risk factors Venous stasis Neurosurgical procedures Hypercoagulable state Genetic Antithrombin III, protein C and S deficiencies Factor V leiden mutation Acquired pregnancy Malignancy Exogenous estrogen Vasculitis IBD Connective tissue disease Endothelial injury Head trauma Surgery Parameningeal infections Presentation: Increased ICP due to impaired venous drainage Diffuse, increasing h/a over days-weeks. Seizures Papiledema **Key symptoms: Ocular findings of pain and proptosis and paralysis (...) ) Attributed to ISCHEMIA and SYSTEMIC INFLAMMATION Headache – 70% OF PTS. usually chronic for 2-3 months. Can be anywhwere on the head 40% of pts develop symptoms of PMR Risk for: TIA’s of the eye, peripheral neuropathies, strokes. On exam: Temporal artery: Findings include tenderness, reduced or absent pulsations, erythema, and nodularity or swelling. Visual acuity, visual field testing, and thorough funduscopic examination should be performed. The presence of a relative afferent pupillary defect (Marcus

2017 CandiEM

11. CRACKCast E022 – Red and Painful Eye

of the eye exam: Eight Key Components: VVEEPP + Slit Lamp + Fundoscopy VVEEPP Visual acuity (Vital Sign) Visual field testing External examination Extraocular movements Pupillary evaluation Pressure Determination Slit Lamp Fundoscopy VVEEPP Explained V: Visual acuity (vital sign of the eye): Snellen eye chart at 20 feet or Rosenbaum chart at 14 inches Allen chart for young children and infants If they cannot use the chart: Are they able to read the paper/phone? Counting fingers Perceive hand motion Able (...) the eyes through ALL the cardinal movements of gaze Inquire about diplopia (especially at the extremes of gaze) This may suggest ocular muscle entrapment, or functional edema P: Pupillary evaluation Assess size, shape, reactivity Assess for RAPD using the swinging flashlight test P: Pressure determination Intraocular pressures normally 10-20 mmHg IO HTN Differential Diagnosis: Glaucoma Suprachoroidal hemorrhage Retrobulbar pathology Pressures in the 20-30 range should get ophthalmology follow-up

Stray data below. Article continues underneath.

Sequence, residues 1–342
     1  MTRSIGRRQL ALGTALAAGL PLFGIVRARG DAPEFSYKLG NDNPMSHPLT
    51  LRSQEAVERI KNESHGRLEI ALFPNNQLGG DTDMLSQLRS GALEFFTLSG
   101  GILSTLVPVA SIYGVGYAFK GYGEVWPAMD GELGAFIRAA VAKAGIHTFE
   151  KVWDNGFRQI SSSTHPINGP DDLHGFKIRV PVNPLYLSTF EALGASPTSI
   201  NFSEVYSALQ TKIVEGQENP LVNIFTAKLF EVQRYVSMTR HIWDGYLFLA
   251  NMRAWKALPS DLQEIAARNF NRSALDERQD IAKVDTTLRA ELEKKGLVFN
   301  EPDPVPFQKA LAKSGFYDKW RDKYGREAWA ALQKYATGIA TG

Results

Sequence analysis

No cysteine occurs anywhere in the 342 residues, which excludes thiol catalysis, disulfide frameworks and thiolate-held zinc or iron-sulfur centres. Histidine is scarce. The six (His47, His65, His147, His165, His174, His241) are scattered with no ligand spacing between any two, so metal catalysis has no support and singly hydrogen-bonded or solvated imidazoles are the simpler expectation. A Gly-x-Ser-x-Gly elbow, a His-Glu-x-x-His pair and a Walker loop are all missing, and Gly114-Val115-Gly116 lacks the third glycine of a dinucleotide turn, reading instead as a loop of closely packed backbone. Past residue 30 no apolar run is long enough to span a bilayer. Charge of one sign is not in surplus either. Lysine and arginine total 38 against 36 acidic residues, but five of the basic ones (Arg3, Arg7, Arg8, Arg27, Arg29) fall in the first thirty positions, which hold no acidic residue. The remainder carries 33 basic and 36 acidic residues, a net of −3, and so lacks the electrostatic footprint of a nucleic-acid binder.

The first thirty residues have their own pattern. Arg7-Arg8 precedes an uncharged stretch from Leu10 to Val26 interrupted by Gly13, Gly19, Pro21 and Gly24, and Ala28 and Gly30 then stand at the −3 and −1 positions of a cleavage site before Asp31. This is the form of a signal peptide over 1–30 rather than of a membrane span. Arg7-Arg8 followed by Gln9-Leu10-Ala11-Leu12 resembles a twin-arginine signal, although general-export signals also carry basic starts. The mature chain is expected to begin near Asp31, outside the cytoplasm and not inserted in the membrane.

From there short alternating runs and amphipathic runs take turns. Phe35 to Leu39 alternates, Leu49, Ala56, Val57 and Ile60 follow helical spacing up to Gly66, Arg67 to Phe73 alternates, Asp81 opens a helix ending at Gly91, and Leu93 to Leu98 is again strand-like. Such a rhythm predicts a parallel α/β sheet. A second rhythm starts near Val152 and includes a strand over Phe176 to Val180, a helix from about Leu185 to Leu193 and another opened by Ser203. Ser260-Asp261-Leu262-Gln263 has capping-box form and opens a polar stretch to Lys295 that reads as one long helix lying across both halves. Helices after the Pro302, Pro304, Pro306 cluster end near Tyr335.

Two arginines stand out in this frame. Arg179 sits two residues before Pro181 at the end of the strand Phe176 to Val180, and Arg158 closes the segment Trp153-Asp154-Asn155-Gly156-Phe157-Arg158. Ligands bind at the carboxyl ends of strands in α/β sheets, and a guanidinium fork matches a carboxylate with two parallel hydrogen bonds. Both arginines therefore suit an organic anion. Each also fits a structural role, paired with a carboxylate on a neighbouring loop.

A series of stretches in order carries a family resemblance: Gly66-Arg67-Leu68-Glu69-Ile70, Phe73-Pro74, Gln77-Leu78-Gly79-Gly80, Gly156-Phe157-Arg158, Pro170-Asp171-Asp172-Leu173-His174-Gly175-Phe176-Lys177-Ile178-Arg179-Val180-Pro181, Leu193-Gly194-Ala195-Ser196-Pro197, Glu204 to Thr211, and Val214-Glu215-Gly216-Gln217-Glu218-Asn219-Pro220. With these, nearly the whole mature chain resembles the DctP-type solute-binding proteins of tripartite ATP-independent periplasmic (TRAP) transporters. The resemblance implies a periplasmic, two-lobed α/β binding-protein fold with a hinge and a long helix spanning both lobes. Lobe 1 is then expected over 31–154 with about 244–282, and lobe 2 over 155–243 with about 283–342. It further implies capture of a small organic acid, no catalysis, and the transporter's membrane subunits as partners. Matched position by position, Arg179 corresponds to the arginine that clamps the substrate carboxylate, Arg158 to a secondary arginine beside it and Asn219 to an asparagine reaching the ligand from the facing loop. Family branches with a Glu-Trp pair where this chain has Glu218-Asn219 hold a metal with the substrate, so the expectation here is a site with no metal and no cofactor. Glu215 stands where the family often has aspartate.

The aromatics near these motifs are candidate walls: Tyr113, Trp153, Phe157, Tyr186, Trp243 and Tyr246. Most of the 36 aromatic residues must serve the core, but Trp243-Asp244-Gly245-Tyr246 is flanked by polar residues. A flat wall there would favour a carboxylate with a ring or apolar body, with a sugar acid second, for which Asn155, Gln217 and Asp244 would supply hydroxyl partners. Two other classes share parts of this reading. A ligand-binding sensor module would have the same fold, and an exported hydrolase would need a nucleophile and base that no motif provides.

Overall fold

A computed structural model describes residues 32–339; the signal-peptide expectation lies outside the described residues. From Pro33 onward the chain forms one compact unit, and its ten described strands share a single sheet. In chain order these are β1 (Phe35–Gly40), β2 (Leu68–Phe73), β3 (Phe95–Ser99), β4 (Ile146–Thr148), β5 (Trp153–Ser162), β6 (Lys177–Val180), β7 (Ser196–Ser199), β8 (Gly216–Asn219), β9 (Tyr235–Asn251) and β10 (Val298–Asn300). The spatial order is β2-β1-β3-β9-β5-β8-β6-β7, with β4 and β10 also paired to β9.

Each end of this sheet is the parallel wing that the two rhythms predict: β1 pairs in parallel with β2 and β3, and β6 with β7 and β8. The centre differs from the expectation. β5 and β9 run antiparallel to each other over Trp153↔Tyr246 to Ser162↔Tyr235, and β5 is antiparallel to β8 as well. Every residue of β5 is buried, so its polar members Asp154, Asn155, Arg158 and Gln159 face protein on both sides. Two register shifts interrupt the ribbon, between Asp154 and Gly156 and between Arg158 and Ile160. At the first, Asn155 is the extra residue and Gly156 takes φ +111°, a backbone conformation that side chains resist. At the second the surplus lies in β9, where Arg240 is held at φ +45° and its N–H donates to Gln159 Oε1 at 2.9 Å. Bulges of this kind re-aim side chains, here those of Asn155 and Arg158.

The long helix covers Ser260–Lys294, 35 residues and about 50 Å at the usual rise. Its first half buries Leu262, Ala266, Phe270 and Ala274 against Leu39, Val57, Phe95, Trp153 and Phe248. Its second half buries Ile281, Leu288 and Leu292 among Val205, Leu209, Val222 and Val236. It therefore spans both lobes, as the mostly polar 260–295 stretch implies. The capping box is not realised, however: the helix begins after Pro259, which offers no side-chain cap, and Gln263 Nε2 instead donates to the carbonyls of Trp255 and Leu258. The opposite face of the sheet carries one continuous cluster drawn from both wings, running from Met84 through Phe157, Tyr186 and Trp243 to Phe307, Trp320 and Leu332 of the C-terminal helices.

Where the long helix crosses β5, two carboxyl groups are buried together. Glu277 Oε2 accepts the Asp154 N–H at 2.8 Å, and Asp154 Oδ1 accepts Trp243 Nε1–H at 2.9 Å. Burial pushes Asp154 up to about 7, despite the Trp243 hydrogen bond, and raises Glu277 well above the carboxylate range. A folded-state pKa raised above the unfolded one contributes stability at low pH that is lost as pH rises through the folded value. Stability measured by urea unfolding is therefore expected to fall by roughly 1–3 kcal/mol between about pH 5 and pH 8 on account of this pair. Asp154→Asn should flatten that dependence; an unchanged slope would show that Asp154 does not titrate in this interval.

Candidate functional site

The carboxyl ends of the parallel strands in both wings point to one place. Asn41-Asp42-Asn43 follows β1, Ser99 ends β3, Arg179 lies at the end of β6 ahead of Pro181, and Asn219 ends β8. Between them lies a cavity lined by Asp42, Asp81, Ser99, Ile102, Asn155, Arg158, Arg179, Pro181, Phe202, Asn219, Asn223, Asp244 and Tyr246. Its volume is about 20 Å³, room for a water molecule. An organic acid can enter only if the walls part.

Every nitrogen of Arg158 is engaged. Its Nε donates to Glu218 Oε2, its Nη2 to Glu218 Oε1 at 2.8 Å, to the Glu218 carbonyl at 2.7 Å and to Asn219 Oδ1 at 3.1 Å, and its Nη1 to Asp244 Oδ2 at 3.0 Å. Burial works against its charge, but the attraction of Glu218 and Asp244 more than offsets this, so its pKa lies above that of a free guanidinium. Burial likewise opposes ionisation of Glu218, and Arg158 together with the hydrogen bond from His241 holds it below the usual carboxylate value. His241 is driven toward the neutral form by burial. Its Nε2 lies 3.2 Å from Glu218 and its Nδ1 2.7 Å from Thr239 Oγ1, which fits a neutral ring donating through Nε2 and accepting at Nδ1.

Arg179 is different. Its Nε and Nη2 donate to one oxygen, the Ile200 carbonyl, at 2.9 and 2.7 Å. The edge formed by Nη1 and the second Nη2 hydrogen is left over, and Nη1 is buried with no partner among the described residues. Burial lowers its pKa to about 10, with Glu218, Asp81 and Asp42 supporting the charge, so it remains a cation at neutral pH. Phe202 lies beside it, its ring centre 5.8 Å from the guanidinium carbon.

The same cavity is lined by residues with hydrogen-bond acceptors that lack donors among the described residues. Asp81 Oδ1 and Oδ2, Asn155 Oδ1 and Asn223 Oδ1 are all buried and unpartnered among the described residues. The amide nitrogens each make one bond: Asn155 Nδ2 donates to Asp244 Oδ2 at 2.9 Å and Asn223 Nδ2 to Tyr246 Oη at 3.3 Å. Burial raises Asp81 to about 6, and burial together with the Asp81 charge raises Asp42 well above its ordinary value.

2017 CandiEM

12. CrackCAST E129 – Bacteria

paralysis. The mortality rate for patients with left bundle branch block and atrioventricular block is 60% to 90%. [2] What are the 3 phases of illness in pertussis? Respiratory illness transmitted by aerosolized droplets. It can occur at any age but is predominantly a pediatric and adolescent illness. Pertussis means “violent cough.” It is also called whooping cough because the severe episodes of coughing are followed by forceful inspiration, which creates a characteristic whooping sound. Pertussis has (...) support. Even with limited resources, mortality can be reduced to less than 50% with basic medication and experienced medical personnel. [7] List 5 differential diagnoses for Bell’s Palsy Common entities: CVA Trigeminal neuralgia Herpes zoster oticus (Ramsay Hunt syndrome) CNS tumour – acoustic neuroma; cerebellopontine angle lesions (meningioma); facial nerve schwanoma, parotid gland tumour, sarcoma Parotitis Malignant otitis externa Uncommon entities Cephalic tetanus Tick paralysis Botulism CN